How to Take Great iPhone Photos of Your Kids: Part 1

I don't have kids, but I have pets, siblings, and friends who I promise have the same attention span of your toddler ;)


Part 1: Phone Camera Basics


Part 1 is just about the essential things to know when you take a photo with your phone! Head to Part 2 if you've already earned your merit badge in iPhoneography ;)


1. Use the native camera app. Don’t pull up the camera in instagram, snapchat, or whatever other app you have. Use the one that comes with your phone.


2. Learn what your phone can do. I do not have the latest and greatest iPhone but I know what my phone can and can’t do and that’s the most valuable tool. Things to know- how to turn the HDR on and off (and what that is), how to use Portrait Mode (if you have it, which I don't!), and how to use the self-timer.


3. Turn off your flash. The flash is likely not going to be helpful almost ever. Turn the flash to “Off” before you even take a photo. If you feel like it needs more light, grab someone else’s phone and use their flashlight like a spotlight from a slight side angle, turn on a lamp, get closer to a window. If nothing else works THEN you can use the flash.


4. Tap your screen for more light. Is the photo a little dark? Tap on the subject, this will open up a focus box and you can use the little “sun” slider to add or decrease the brightness.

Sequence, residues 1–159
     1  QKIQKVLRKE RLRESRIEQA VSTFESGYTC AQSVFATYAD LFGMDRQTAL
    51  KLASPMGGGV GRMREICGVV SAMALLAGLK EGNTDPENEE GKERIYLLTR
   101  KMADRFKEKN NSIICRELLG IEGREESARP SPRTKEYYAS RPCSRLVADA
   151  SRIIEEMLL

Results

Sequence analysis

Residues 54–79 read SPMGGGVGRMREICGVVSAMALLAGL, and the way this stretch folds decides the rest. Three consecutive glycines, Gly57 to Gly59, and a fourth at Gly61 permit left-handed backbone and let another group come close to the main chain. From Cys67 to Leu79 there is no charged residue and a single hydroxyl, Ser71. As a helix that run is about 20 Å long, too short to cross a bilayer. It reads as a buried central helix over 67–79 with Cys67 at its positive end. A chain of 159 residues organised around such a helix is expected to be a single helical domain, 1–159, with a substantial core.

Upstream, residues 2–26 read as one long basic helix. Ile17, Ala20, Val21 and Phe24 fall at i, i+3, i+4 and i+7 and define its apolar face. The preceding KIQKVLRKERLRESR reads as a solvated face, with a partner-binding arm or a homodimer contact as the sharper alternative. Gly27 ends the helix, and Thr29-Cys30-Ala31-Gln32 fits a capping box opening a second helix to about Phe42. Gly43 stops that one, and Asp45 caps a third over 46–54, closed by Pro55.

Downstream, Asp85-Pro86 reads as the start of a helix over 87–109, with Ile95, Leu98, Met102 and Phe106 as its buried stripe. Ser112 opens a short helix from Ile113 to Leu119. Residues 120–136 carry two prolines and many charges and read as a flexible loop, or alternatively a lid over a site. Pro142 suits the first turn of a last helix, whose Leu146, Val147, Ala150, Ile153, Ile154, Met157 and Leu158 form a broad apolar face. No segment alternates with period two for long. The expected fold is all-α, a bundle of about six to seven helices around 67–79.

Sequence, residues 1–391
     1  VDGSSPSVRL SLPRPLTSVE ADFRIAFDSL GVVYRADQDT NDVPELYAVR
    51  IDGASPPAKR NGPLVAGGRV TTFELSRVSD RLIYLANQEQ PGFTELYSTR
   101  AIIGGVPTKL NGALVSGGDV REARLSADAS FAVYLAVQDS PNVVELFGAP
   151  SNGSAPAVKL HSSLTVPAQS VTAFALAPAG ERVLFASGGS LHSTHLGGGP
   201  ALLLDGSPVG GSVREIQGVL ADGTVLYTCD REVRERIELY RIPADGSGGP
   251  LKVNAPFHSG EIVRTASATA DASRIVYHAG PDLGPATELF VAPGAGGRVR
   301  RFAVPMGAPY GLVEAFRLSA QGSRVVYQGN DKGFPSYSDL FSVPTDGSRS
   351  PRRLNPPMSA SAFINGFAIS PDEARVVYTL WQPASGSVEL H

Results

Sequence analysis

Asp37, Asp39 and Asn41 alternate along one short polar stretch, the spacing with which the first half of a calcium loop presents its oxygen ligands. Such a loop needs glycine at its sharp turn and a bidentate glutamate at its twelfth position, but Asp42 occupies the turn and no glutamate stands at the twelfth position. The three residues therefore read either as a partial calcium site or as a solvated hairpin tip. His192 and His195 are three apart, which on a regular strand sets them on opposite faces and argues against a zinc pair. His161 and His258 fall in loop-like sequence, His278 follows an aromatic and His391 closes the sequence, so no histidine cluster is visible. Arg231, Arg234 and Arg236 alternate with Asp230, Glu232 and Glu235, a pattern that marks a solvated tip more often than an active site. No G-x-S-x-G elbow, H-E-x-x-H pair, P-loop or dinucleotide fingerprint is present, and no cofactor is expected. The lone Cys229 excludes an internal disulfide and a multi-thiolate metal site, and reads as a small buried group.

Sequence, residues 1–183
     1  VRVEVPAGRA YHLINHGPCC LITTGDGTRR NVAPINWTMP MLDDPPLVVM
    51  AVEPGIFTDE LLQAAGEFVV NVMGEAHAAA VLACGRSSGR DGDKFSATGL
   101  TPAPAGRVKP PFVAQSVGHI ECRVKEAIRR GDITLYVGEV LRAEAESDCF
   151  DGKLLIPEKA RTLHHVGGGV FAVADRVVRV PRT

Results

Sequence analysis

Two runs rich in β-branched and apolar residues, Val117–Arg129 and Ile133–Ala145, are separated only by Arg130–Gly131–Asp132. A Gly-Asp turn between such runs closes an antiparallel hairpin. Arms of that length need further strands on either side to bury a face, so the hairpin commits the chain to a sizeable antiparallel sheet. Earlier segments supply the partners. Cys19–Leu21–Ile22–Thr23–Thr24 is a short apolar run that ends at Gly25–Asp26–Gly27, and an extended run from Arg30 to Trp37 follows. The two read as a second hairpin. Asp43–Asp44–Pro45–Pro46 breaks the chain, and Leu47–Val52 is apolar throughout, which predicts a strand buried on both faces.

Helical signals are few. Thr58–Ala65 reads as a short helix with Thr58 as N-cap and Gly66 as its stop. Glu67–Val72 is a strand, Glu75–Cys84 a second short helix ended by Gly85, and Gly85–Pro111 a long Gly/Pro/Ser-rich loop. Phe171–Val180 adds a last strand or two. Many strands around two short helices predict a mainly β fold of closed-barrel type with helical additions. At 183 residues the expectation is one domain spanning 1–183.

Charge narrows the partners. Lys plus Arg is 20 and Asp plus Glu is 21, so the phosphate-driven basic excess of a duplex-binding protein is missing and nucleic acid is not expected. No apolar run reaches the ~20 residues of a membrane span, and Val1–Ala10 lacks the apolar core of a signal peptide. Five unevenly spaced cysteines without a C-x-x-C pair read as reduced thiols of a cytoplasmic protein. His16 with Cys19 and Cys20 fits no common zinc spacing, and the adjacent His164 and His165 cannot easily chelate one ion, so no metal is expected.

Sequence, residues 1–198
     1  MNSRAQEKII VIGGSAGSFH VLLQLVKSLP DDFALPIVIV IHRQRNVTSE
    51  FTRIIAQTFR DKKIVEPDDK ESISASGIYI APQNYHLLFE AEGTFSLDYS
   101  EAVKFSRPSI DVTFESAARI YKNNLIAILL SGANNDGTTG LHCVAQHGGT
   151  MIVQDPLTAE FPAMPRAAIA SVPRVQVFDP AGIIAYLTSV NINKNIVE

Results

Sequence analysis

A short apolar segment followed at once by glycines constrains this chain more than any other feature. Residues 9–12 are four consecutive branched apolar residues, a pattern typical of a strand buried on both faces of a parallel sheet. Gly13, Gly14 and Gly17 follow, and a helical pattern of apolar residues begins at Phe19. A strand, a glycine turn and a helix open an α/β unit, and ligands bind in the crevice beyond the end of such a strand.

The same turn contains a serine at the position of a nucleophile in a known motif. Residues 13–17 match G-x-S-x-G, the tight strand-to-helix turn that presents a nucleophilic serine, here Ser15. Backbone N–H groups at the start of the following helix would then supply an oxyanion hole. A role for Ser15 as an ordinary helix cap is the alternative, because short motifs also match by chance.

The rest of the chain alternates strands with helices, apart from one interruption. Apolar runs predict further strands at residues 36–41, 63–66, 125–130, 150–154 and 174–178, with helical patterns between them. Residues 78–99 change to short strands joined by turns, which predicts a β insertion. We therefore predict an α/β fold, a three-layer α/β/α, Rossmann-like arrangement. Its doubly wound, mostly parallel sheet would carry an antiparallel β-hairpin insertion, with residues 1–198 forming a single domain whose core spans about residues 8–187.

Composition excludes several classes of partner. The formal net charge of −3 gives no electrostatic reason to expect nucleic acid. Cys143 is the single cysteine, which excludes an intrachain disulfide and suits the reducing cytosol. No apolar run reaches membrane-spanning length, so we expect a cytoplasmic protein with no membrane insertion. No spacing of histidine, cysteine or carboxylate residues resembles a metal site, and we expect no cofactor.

5. Hold still (and don’t use the volume buttons to take the photo). This is always important for good photography. Keep your camera/phone close to your body so it doesn’t shake. I often hold my camera in both hands when I’m taking an iPhone photo because the jitter is strong. My right hand holds the phone like I normally do and my left is supporting underneath the phone. It looks a little silly but I don’t have focus problems! The volume button as a shutter just makes it shake more so avoid that.

The photo on the left is a great example of what happens when the photographer isn't staying totally still. The photo on the right shows better support and stillness of the camera.

6. Focus on the eyes (or other subject point). Use the tap-screen method to focus on the subject’s eyes (or hands or feet or back of their head, etc. if their face isn’t in the photo)

That covers it for Part 1!

Jump to Part 2: The Mechanics of Good iPhone Photos HERE


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